This year's Journal of National Security Law & Policy symposium is "The Continuing Threat of Nuclear Weapons," and is brought to you by the JNSLP, the Georgetown Center on National Security and the Law, and the Georgetown Center for Asian Law. The symposium will be held on the 12th floor of the Gewirz Student Center. Directions and map here.

In addition to the following three panels, the symposium will also feature a lunchtime keynote speech by Joseph Cirincione, President of Ploughshares Fund. INTRODUCTORY REMARKS by Stephen Dycus, Professor of Law, Vermont Law School.
PANEL 1: Banning Nuclear Weapons?
Panelists: Adam Mount, Senior Fellow and Director of the Defense Posture Project, Federation of American Scientists; John Burroughs, Executive Director, Lawyers Committee on Nuclear Policy; Alexandra Bell, Senior Policy Director, Center for Arms Control & Non-Proliferation; Moderator: David A. Koplow, Professor of Law at Georgetown Law.

PANEL 2: U.S./Russia Nuclear Relations.
Panelists: Michael Krepon, Co-founder/Senior Associate, Stimson Center; Bonnie Jenkins, Nonresident Senior Fellow, Brookings Institute; Adam Scheinman, Former Special Representative of the President for Nuclear Nonproliferation, Dept. of State; Moderator: Dakota Rudesill, Assistant Professor of Law, Ohio State University Moritz College of Law.

LUNCHEON AND KEYNOTE ADDRESS by Joseph Cirincione, President of Ploughshares Fund.
PANEL 3: Nuclear Weapons Issues on the Korean Peninsula.
Panelists: Scott Snyder, Senior Fellow for Korea Studies and Director of the Program on U.S.-Korea Policy, Council on Foreign Relations; Joel S. Wit, Senior Fellow and Director of 38 North, Stimson Center; Sue Mi Terry, Senior Fellow, Korea Chair, Center for Strategic and International Studies; Moderator: James V. Feinerman, Co-Director, Georgetown Center for Asian Law.

CLOSING REMARKS: Stephen Dycus, Professor of Law, Vermont Law School
RECEPTION will follow the event.

To RSVP, please click here.

Qs?: Email Journal of National Security Law and Policy here.

16 May 2019, 6 pm - Washington, DC - "Night of Heroes Gala 2019" by the PENFED Foundation

The PENFED Foundation hosts their impressive annual "Night of Heroes Gala 2019" at the beautiful Mandarin Oriental, 330 Maryland Ave SW, Washington, DC 20024. This year marks the 15th annual gala honoring our unsung heroes — military children. Each year, the PenFed Foundation raises more than $1.5 million for military heroes through this hallmark event. Last year's event sold out and raised $2.5 million! Do not miss your opportunity to support Military Heroes.

6 pm General Reception and Silent Auction; 7 pm Dinner Program; After Dinner - Dessert Reception. To learn more...or to register.


Gift Suggestions:

AFIO's Guide to the Study of IntelligenceAFIO's 788-page Guide to the Study of Intelligence. Peter C. Oleson, Editor, also makes a good gift. View authors and table of contents here.

Perfect for professors, students, those considering careers in intelligence, and current/former officers seeking to see what changes are taking place across a wide spectrum of intelligence disciplines. AFIO's Guide to the Study of Intelligence helps instructors teach about the large variety of subjects that make up the field of intelligence. This includes secondary school teachers of American History, Civics, or current events and undergraduate and graduate professors of History, Political Science, International Relations, Security Studies, and related topics, especially those with no or limited professional experience in the field. Even those who are former practitioners are likely to have only a limited knowledge of the very broad field of intelligence, as most spend their careers in one or two agencies at most and may have focused only on collection or analysis of intelligence or support to those activities.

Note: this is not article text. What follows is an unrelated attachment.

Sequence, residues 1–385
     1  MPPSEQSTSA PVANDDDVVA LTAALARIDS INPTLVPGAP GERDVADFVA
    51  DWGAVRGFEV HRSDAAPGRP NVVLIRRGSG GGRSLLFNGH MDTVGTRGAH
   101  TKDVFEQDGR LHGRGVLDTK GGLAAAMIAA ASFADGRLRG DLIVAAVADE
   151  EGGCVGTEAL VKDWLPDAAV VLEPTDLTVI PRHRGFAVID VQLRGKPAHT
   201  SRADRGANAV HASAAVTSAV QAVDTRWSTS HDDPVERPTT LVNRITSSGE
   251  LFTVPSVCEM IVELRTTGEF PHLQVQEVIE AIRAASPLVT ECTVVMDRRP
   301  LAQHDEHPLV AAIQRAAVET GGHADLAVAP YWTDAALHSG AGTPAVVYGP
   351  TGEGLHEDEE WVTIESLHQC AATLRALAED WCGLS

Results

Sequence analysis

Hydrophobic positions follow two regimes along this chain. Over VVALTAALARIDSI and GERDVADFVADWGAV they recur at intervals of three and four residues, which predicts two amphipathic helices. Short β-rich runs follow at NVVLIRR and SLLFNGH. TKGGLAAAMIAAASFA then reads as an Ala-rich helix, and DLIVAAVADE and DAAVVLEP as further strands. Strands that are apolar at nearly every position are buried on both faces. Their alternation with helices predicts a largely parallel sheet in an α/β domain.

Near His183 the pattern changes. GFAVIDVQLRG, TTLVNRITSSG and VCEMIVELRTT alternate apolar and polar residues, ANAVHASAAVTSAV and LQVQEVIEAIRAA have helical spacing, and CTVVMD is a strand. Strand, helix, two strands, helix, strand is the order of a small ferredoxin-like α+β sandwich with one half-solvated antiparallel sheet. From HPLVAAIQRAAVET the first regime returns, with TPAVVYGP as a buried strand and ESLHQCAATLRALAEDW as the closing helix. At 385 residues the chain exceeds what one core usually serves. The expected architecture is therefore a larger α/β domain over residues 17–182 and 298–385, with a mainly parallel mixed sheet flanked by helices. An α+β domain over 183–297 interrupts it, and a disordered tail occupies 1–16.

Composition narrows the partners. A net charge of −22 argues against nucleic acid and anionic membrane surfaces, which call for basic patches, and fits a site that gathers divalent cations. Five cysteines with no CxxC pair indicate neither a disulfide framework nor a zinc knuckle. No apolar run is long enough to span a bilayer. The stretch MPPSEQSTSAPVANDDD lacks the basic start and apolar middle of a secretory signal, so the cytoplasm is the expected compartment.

For a printed, bound copy, it is $95 which includes Fedex shipping to a CONUS (US-based) address.
To order for shipment to a US-based CONUS address, use this online form,

To order multiple copies or for purchases going to AK, HI, other US territories, or other countries call our office at 703-790-0320 or send email to afio@afio.com to hear of shipment fees.

Order the Guide from the AFIO's store at this link.

The Guide is also available directly from Amazon at this link.

MousepadAFIO's Intelligence Community Mousepads are a great looking addition to your desk...or as a gift for others.
Made in USA. Click image for larger view.

These 2017 mousepads have full color seals of all 18 members of the US Intelligence Community on this 8" round, slick surface, nonskid, rubber-backed mouse pad with a darker navy background, brighter, updated seals. Also used, by some, as swanky coasters. Price still only $20.00 for 2 pads [includes shipping to US address. Foreign shipments - we will contact you with quote.] Order MOUSEPADS here.

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WINs are protected by copyright laws and intellectual property laws, and may not be reproduced or re-sent without specific permission from the Producer. Opinions expressed in the WINs are solely those of the editor's or author's listed with each article. AFIO Members Support the AFIO Mission - sponsor new members! CHECK THE AFIO WEBSITE at www.afio.com for back issues of the WINs, information about AFIO, conference agenda and registrations materials, and membership applications and much more!

(c) 2000, 2012, 2013, 2014, 2015, 2016, 2017, 2018, 2019. AFIO, 7700 Leesburg Pike Suite 324, Falls Church, Virginia 22043. Voice: (703) 790-0320; Fax: (703) 991-1278; Email: afio@afio.com